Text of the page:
Part of this curatorial evolution is to draw Finns – and the people of Helsinki in particular – into different aspects of the programme. There are works placed in the public realm, including inside Helsinki’s Oodi library. A major chunk of the biennial is now situated at Helsinki Art Museum (HAM). The work here, Krysa says, is about the wider political landscape. In fact, she is keen that people see the work at HAM first, before heading out to the island.

Diana Policarpo, Ciguatera, 2022. Courtesy of HAM, Helsinki Biennial and Sonja Hyytiäinen.

At HAM, one huge, dark room is dedicated to Ciguatera (2022), a compelling installation by Diana Policarpo. Enormous fake rocks embedded with small, glowing video screens are enveloped in a shimmering, sci-fi soundscape. Inspired by a research trip to the Savage Islands in the North Atlantic Ocean, Ciguatera is “a case study mapping colonial history through the tracking of natural biodiversity”, in which videos weave stories based on science as well as science fiction with voices of people from the island and “voices of the island itself”.

Närhinen, whose Plastic Horizon featured on Vallisaari, shows here an installation that she developed while artist in residence at the Beaconsfield gallery in London. There, her explorations were focused on the Thames, which she portrayed as a time-machine. Objects she salvaged while mudlarking at low tide were rendered as ghosts in her cyanotype contact prints. There are also mud chromatograms and some of the equipment with which she conducted her experiments. At Beaconsfield, the imagery of classic Thames jetsam – the stick-like stems and tiny bowls of ancient clay pipes, and assorted plastic packaging debris – seemed more poignant because of their location. In the Victorian schoolroom setting of Beaconsfield’s main gallery, her collecting equipment and clay workings evoked hours of painstaking research and experimentation, but ranged across two long white walls here, their impact seems diminished. But there is a creepy resonance between her quiet, respectful endeavours and those summoned in the nearby structures presented by Bita Razavi. First seen as part of an Estonian presentation at the 2022 Venice Biennale, here we have Elevated Platform (2022) and Kratt: Diabolo No 3 (2022), the latter evoking a mythological creature from Estonian folklore.

Bita Razavi, Kratt: Diabolo. No. 3, 2022, and Elevated Platform, 2022. Courtesy of HAM, Helsinki Biennial and Sonja Hyytiäinen.

Each leg offers a kind of conveyor belt of botanical drawings by Emilie Saal (1871-1954), who worked as botanist for the East India Company in Indonesia. Although her work was about the painstaking recording of nature in all its wonder, we are reminded that this observational art then became part of the wider colonial machinery to profit from plants and their properties.

Tabita Rezaire, Deep Down Tidal, 2017. Courtesy of HAM, Helsinki Biennial and Kirsi Halkola.

Tabita Rezaire’s Deep Down Tidal video work explores the “entangled narratives associated with the sea, from submarine cables and sunken cities to drowning bodies, hidden histories of navigation and sacred signal transmission … the submarine fibre-optic cables that transfer our digital data”. These cables apparently follow well-worn colonial shipping routes. Everything is connected. I can see how a visit to this richly imagined, geopolitically and historically rich series of installations would set people up for playing closer attention to the quieter, more thoughtful, nature-infused island art.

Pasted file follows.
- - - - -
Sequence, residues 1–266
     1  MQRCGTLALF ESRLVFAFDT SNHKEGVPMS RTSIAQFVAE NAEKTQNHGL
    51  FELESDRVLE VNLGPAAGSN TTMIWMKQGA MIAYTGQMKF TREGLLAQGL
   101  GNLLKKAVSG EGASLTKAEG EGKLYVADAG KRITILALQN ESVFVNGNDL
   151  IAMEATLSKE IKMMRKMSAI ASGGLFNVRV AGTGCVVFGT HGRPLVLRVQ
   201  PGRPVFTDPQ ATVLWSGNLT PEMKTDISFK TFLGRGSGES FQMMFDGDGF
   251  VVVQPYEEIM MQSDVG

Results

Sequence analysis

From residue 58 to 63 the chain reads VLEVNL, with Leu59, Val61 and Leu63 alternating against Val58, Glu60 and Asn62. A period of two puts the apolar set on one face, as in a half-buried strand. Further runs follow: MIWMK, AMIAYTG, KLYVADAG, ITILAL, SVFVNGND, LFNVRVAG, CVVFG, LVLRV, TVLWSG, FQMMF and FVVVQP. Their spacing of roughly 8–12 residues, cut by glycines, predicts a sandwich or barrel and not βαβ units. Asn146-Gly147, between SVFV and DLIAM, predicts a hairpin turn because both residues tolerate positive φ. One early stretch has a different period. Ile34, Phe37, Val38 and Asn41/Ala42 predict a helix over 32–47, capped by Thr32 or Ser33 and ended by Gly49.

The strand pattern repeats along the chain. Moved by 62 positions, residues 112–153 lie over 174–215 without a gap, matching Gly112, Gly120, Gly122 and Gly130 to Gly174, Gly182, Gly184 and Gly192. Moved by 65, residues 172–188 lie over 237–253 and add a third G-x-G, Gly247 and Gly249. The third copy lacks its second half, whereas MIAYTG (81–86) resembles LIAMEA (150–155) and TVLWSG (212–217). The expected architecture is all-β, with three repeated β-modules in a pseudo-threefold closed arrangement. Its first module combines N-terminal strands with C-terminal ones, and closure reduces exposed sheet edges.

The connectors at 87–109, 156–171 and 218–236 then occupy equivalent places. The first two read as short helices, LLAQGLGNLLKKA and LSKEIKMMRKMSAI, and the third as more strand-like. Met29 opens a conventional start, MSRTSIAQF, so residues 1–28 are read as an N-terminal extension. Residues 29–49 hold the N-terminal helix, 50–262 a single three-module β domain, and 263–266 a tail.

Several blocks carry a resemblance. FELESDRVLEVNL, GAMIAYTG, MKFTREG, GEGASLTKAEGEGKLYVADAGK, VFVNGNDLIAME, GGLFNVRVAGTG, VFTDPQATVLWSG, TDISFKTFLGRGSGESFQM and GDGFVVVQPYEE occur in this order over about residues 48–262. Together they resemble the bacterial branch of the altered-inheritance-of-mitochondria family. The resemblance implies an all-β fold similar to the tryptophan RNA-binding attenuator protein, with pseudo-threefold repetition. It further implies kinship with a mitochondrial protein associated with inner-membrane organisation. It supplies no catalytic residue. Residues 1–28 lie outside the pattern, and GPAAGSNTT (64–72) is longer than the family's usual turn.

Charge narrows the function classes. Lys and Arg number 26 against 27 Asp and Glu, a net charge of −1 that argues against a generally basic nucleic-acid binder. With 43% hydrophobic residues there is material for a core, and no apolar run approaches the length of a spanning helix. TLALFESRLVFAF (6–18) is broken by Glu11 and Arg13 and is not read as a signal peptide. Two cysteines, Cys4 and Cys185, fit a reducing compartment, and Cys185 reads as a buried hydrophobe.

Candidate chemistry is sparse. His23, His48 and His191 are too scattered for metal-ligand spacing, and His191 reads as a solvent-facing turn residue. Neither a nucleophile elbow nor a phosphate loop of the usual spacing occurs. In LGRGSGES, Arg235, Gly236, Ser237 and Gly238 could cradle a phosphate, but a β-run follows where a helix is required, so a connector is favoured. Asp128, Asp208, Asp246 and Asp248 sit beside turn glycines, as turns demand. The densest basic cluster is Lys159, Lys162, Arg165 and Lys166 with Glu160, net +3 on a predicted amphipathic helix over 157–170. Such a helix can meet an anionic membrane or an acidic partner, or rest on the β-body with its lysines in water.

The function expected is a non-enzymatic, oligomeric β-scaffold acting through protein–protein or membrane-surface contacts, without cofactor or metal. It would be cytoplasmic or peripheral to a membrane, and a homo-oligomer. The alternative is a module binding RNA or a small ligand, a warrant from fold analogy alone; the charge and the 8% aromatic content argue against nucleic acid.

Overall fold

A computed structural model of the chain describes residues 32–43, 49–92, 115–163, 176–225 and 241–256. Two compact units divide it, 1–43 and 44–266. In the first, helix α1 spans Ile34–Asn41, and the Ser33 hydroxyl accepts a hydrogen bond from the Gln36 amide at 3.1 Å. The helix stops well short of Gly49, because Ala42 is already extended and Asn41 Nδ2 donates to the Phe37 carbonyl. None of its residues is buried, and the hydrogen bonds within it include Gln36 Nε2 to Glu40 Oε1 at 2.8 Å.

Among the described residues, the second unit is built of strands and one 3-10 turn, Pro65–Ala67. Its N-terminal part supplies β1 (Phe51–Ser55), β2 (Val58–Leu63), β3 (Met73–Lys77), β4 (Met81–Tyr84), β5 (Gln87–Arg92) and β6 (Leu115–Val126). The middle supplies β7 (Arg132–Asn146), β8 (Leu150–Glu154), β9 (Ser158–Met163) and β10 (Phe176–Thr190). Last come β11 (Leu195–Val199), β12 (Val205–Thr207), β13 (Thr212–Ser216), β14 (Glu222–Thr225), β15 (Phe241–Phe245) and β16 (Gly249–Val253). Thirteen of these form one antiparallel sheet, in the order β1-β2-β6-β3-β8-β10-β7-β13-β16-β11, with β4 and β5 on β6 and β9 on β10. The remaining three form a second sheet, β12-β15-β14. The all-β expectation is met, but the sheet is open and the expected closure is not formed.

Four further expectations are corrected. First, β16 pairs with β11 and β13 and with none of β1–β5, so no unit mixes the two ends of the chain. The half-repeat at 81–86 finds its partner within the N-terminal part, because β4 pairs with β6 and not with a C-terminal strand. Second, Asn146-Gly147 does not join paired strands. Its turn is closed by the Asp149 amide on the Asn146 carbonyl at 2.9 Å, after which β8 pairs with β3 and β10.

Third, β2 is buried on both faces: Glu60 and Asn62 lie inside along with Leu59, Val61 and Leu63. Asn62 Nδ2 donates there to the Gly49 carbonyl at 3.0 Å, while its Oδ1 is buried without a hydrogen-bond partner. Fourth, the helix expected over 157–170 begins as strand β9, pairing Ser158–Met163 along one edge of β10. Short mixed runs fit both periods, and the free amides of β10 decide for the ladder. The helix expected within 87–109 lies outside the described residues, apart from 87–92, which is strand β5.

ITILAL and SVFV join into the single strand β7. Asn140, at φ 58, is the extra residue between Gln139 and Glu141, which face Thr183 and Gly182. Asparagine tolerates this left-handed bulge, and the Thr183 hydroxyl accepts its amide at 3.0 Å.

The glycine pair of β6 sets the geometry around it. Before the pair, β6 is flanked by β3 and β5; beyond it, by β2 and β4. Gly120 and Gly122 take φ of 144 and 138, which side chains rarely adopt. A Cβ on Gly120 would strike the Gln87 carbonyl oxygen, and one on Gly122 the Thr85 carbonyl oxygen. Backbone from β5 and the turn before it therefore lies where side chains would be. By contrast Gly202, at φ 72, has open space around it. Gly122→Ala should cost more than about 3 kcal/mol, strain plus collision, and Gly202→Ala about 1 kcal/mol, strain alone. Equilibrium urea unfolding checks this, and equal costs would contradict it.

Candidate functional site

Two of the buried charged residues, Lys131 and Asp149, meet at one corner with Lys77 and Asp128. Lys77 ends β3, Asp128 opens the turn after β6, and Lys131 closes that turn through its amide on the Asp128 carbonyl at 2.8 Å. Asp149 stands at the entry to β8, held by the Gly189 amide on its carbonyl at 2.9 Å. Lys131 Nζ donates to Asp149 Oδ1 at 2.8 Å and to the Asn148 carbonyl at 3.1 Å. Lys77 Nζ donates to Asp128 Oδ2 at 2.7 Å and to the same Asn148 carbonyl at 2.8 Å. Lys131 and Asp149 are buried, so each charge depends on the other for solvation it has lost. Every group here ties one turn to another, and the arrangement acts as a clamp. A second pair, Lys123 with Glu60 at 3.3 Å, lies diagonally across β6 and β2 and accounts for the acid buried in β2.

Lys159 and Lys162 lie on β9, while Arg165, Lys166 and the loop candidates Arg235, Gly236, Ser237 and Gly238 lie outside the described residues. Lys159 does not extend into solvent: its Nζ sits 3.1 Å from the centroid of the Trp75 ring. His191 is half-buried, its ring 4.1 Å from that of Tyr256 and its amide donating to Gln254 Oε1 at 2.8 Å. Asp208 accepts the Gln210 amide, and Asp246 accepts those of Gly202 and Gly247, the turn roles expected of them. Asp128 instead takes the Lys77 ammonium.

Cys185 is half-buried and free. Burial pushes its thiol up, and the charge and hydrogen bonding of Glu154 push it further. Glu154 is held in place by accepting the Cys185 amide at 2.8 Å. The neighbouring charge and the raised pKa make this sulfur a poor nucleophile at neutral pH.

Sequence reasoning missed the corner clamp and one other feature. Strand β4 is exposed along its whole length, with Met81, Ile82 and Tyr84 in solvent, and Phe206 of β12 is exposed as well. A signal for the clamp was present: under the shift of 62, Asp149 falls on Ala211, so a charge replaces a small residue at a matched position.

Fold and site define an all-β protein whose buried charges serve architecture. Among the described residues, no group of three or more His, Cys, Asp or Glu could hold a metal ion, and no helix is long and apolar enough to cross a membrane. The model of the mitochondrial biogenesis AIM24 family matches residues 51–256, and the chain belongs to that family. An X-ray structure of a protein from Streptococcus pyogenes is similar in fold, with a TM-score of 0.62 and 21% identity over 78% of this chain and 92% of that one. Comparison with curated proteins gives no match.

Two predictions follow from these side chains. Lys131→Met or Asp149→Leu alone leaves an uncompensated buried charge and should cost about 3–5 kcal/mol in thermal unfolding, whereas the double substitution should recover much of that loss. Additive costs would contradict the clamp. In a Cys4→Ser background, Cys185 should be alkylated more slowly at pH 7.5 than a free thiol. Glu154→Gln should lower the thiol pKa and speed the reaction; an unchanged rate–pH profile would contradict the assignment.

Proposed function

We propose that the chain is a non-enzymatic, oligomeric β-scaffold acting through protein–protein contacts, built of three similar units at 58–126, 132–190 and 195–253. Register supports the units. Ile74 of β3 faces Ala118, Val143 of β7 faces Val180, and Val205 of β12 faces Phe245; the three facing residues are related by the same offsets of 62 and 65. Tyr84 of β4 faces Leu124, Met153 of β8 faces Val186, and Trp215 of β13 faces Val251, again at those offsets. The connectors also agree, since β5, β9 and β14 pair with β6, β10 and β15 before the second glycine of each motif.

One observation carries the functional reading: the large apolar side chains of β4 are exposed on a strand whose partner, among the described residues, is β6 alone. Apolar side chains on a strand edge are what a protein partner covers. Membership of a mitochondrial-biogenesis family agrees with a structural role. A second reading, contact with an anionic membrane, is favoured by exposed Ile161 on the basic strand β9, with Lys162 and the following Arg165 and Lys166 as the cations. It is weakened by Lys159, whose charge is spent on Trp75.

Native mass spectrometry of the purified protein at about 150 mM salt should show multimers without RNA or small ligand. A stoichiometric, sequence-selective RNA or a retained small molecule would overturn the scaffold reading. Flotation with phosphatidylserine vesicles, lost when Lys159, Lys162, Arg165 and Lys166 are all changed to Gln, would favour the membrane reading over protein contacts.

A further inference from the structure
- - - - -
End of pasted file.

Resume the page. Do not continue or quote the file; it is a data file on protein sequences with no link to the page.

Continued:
Krysa is right that we should be mindful of art as spectacle, especially if we are siting it outdoors, in spaces where drilling, underpinning and construction work is required, and particularly for an art festival that is supposed to be about respecting nature. However, the art placed outdoors still needs to persuade, seduce, convince or provoke – or what is the point of paying the ferry fare, which has gone up from €8 return in 2021 to €19 this year (although it is free on the last Friday of every month)?

Youthful visitors abound at Amos Rex Generation 2023 show. Photo: Veronica Simpson.

In its ecological principles, however, the Helsinki Biennial is bang on message. We do need to think carefully about what art is for, how it is made and for whom. This is where the city has stepped up and shown its true, creative colours, in what could be termed the “collateral” events that fill the surrounding spaces and institutions. Amos Rex Art Museum was brimming with skilful offerings from Helsinki residents aged 15 to 23, for its show Generation 2023, and it was packed with viewers of that age – more than I’ve ever seen for a traditional gallery offering. The Kiasma Museum of Contemporary Art offered a stunning exhibition by Daniel Steegmann Mangrané, which interrogated through sound, movement, film and sculpture, the very basis on which we trust our perceptions as we move through the world, challenging our ideas of what is and isn’t “natural”. More specific meditations on the Finns’ military and naval history and their impacts on the sea and landscape are beautifully installed on Suomenlinna, a sea fortress that has long been receiving visitors, in a barely refurbished military building. The Unknown Baltic Sea features seven Finnish artists (Jan Eerala, Kaisu Koivisto, Anna Nykyri, Meeri Koutaniemi, Renja Leino, Arja Renell and Raimo Sundelin) whose work is all about the Baltic and its mysteries, legacies and myths. Their setting within the building is also spectacular, thanks to the scenographer Kati Lukka of the Finnish National Theatre.

Installation view of The Unknown Baltic Sea on Suomenlinna island. Photo: Veronica Simpson.

As one element within a collective programme, this year’s biennial does a great job of showing the confidence and scope and scale of the wider Helsinki art and curatorial community. It demonstrates that there is plenty on offer within the city and its environs to attract regular cultural tourists outside the biennial schedule. And that – for a country which 10 years ago turned down the chance of a Guggenheim on its harbourfront because it felt it could represent its own artistic DNA without this US museum brand’s assistance – speaks volumes for the way in which it has nurtured and evolved its contemporary art skills, professionalism and vision.

The Helsinki Art Biennial was curated in collaboration with Helsinki Art Museum, the Museum of Impossible Forms, TBA21-Academy, Critical Environmental Data, ViCCA@Aalto Arts and an AI Entity.